control option (channel 2 only) lets you use the principle of
negative feedback to control an external variable (such as temperature,
flow rate, etc.). The computer reads an input channel to get the current
condition of the variable, compares it to a user-defined set point,
and adjusts the output voltage to the effector (a device -- such
as a heater or flow control valve -- that influences the variable of interest).
Note that the current condition and the set point are in converted units
(degrees C, ml/min, etc.) -- not 'raw' voltages.
The main advantage of using the feedback control routines is flexibility
and precision: you can specify a series of set points (up to 100) that occur
at different times. This allows pre-programmed control of complex
experimental conditions. It also helps insure that identical protocols
are used in repeated experiments, which is critical in maintaining consistency.
However, you need to remember that feedback control is abolished when LabHelper is
not running. More importantly, if the computer is unattended and a malfunction
occurs, the feedback
mechanism will fail, leaving the effector
in an unpredictable condition. In
some circumstances this could have very serious consequences. For example, you don't want to leave a high-wattage heating
unit in an unregulated condition unless you are willing to risk overheating
or even a fire.
Accordingly, feedback control should always be used
with caution, and whenever possible, with safety
back-ups that are independent of the computer (for
example, thermal cut-offs for emergency temperature control).
Two additional caveats to keep in mind:
- The feedback routine uses analog output channel 2; you cannot
use this channel for feedback control and a voltage output script simultaneously
(you'll get a warning message if such a conflict exists).
- The computer can supply a low-current control
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To set up a feedback control system, you need to tell the computer what's
being regulated and how it should handle the regulation. As you enter
data, the script is shown graphically (see the example below). For
the script as a whole, you need to set:
- The slope of the feedback system (negative or positive).
Note that a positive slope does not indicate positive feedback.
It simply means that the signal to the effector must increase when the
regulated variable exceeds set point. For example, the output of a
cooling unit must increase if temperature is above set point, and this would
require a positive slope setting (in contrast, the output of a heater
must increase if temperature is below set point, and this would require
a negative slope setting).
- the regulated channel (the input channel that shows the current
condition of the regulated variable)
- the ending condition (at the end of the script sequence, at
marker 'x', etc.)
- the post-run set point (the set point after the script stops).
Click the 'enter values as the end state' button to set the post-run
conditions equal to the currently visible data. At any time you can
click the 'show' button to view the post-run conditions.
- the 'update interval', or how frequently the program checks
and updates feedback control. This interval can range from 0.25 to
30 seconds and is selected from the pop-up menu at the bottom of the window.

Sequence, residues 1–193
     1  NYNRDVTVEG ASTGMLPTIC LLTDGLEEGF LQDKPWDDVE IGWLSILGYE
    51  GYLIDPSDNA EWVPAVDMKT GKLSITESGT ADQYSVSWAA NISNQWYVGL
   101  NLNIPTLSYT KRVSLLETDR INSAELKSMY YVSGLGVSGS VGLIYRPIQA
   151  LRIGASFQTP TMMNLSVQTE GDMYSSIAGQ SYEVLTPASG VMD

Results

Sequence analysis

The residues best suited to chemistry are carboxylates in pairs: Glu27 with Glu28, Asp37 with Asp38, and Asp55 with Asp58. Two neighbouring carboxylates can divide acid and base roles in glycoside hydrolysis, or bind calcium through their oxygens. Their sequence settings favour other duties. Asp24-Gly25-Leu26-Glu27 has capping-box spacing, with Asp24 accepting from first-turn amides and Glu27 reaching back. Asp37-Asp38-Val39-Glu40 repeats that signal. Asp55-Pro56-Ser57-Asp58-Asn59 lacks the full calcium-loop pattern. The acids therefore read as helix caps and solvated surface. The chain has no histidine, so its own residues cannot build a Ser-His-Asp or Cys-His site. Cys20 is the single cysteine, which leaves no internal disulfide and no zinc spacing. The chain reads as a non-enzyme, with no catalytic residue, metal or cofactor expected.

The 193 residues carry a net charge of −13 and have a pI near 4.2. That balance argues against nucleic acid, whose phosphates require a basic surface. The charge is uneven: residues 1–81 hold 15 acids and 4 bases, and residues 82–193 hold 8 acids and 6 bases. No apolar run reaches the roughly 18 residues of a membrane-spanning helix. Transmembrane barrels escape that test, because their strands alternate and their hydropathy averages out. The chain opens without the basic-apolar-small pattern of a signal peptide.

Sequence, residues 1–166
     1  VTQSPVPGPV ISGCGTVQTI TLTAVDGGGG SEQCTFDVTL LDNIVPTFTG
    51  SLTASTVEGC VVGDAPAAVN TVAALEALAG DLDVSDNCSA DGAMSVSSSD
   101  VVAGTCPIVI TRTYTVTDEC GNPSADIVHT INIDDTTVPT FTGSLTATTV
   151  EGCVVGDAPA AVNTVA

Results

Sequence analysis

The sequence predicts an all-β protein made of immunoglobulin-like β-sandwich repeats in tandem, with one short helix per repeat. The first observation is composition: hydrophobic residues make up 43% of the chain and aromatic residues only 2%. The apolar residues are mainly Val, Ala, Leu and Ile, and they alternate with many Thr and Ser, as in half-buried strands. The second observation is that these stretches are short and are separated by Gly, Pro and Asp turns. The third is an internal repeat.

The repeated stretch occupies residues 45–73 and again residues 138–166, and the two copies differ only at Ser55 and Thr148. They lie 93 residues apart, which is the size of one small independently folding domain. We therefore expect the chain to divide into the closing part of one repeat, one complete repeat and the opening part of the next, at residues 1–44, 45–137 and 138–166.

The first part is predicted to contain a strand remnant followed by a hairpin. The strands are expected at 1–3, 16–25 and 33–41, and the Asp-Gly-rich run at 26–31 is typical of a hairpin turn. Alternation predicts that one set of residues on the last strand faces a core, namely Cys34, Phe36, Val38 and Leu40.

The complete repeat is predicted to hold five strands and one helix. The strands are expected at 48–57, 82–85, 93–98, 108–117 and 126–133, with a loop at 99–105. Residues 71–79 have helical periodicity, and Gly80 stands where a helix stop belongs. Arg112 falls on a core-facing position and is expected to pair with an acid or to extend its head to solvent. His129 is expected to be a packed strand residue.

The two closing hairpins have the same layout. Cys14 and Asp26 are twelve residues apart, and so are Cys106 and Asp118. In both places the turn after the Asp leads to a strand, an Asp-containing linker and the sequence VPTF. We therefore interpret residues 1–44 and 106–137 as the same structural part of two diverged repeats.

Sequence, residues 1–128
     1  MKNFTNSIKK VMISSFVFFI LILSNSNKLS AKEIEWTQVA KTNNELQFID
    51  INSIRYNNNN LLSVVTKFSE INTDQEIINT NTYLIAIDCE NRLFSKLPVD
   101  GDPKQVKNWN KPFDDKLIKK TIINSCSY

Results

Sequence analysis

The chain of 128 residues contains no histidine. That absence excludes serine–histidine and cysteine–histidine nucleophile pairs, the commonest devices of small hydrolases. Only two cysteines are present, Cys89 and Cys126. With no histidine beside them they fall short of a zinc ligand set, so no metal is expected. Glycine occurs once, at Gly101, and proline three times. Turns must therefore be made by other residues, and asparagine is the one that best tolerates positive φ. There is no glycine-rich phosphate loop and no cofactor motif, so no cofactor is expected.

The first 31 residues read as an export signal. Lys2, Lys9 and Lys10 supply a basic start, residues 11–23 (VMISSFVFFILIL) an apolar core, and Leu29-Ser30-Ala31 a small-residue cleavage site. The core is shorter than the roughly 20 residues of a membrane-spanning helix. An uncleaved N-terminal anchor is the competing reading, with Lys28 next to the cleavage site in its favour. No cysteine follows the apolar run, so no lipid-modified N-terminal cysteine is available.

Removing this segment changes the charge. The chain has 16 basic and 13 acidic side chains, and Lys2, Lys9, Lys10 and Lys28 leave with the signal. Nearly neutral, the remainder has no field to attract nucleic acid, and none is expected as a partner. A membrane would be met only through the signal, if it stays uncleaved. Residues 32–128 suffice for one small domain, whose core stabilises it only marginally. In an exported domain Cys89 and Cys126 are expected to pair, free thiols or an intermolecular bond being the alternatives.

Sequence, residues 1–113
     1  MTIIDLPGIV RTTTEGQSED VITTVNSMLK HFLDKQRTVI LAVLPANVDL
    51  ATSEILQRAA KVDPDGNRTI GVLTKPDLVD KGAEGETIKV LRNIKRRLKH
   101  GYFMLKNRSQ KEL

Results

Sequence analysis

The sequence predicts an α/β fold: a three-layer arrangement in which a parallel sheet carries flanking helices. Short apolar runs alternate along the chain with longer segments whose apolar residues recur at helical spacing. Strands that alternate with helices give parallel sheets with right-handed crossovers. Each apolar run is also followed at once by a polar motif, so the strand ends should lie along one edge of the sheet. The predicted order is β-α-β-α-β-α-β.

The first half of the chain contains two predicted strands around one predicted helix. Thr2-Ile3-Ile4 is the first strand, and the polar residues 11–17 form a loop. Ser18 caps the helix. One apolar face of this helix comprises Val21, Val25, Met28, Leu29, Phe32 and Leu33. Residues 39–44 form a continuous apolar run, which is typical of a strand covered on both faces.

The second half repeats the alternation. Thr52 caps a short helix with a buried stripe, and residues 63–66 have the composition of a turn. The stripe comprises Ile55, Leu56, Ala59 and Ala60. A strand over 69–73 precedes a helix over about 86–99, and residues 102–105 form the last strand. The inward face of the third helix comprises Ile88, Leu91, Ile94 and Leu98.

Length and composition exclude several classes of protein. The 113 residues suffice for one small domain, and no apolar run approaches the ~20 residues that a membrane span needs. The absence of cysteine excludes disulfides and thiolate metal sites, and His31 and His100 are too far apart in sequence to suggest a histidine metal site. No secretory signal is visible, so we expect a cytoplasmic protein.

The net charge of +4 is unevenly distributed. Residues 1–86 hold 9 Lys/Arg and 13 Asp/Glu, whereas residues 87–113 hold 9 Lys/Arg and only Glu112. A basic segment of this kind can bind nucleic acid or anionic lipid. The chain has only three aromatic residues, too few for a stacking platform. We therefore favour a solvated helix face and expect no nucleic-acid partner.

- Feedback scripts may loop back upon themselves, in which case
they will run indefinitely unless interrupted by an ending condition or
by the conclusion of sampling. A loop can return to any step in the
script using the 'loop to step' button.
For each step you need to specify:
- the set point and precision (± range) for the variable
- the maximum control voltage (the highest voltage that should
be presented to the effector; 0 to 5 volts)
- the minimum control voltage (the lowest voltage that should
be presented to the effector; 0 to 5 volts)
- the duration of the step (any duration may be entered, but time
is measured in units of 1/60 second so no step can be shorter than this).
When these data are entered, press the 'enter these values as a new
step' button to append the step to the script. As steps are added
or modified, the computer shows a graphical display of the current script.
You can modify a feedback script by first indicating the step to be changed
('edit step' button). You can then edit the step (by
changing the set point, etc. and then clicking the 'modify as above'
button) or remove the step ('delete' button). You can
also remove the entire script ('clear' button).
You can store and retrieve output scripts using the Open
and Save selections
in the D-A menu.
- CAUTION: using feedback may
slightly reduce the maximum possible sampling rate. At less than
maximal rates, it has little or no effect on acquisition speed.
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A typical feedback setup is shown at right:
In this example, we are using negative-slope feedback to control
temperature (channel 4). This means that as temperature falls below
the set point, an increasing control voltage is sent to the effector (here,
The feedback script contains series of decreasing temperature set points,
starting at 20 C and eventually declining to -6 C before returning to 15
C. Each set point is maintained for several minutes and has a precision
of ± 1 C and a regulatory voltage range of 0 to 5 volts. This
means that when the temperature is exactly equal to (or higher than) the
set point, a control signal of 0 volts will be sent to the effector.
As temperature falls below set point, the control voltage to the effector
increases. When temperature is more than 1 C below set point, the maximum
control voltage (5 volts) is sent to the effector.
This script loops back to step 2 at the conclusion of the last step (step
6); it will stop when the 'q' key is struck. When not gathering data,
LabHelper will check and update the feedback condition every second.